Wednesday, June 16, 2021

Three Bodies by NR Brodie

Crime novels aren't my usual fare, but I read them when I like the author, and I'm rather fond of NR Brodie. Three Bodies follows on from her occult-noir novel Knucklebone, where we meet Reshma Patel and Ian Jack, who initially work together to solve crimes related to an animal poaching ring. Both realise that there is more to reality than meets the eye, though. Then again, if you tangle with sangomas, expect things to get a bit strange.

Three Bodies
is no different. At the outset, when drowned women start showing up, Ian is roped in to investigate, despite no longer having an interest in police work. Reshma finds herself drawn into an elite crime-fighting unit – with a bunch of tough cops who work against the cash-in-transit heists that are so prevalent in South Africa. It's scary, high-stakes stuff. And here Brodie has done meticulous research to offer an authentic ring to the police work.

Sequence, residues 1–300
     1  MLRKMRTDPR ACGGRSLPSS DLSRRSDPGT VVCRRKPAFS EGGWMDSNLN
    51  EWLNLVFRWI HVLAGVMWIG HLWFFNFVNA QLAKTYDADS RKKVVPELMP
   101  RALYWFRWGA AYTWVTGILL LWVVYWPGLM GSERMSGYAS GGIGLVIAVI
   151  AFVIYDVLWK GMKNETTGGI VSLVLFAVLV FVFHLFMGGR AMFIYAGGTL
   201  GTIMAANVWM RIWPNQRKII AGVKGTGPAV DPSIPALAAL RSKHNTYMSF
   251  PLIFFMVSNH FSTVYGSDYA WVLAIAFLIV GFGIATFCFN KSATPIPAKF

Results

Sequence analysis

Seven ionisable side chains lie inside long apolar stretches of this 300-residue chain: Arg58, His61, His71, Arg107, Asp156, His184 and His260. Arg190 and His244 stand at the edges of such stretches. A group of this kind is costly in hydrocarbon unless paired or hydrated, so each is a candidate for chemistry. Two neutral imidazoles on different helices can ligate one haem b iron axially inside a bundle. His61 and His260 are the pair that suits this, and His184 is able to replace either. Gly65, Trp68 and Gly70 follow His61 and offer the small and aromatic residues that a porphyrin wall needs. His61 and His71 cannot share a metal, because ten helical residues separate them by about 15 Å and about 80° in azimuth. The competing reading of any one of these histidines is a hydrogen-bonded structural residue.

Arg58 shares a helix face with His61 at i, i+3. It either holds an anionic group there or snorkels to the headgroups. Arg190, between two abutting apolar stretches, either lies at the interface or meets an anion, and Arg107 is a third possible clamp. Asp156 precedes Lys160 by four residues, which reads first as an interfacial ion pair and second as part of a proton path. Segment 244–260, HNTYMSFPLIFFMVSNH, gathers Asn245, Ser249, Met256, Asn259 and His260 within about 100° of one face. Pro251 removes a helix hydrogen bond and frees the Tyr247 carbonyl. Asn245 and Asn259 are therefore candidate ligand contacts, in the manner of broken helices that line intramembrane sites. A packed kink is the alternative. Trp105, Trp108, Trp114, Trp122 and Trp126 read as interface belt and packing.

But then a sinister link between the drowned women, dark muti, the cash heists, and old-guard apartheid officials who were never brought to book, is formed, and Reshma and Ian find themselves racing to solve a case of a missing woman before she, too, ends up drowned.

Overall, I found the gradually unfolding pace a little on the slow side, but things picked up a lot quicker near the end. Reshma is one hell of a tough woman, and it shows, and Ian's quiet empathy with others also shows that he possesses qualities that complement Reshma's. They team up with an unlikely bunch for the finale, and then ... well. I'll leave it up to you to find out what happens. As always, the whiff of the supernatural is just a taste. Perhaps too light a touch that may have required smidge more foreshadowing, but I loved it anyway. I'm reminded of an old HP Lovecraft quote:

The most merciful thing in the world, I think, is the inability of the human mind to correlate all its contents.

Which will make sense for those who've read the book and understand how Ian must struggle with what he sees unfold at the satisfyingly cataclysmic ending. Gritty, dark, and somewhat weird, this novel is definitely an enjoyable read, and it's great seeing fantasy elements creep across genres.

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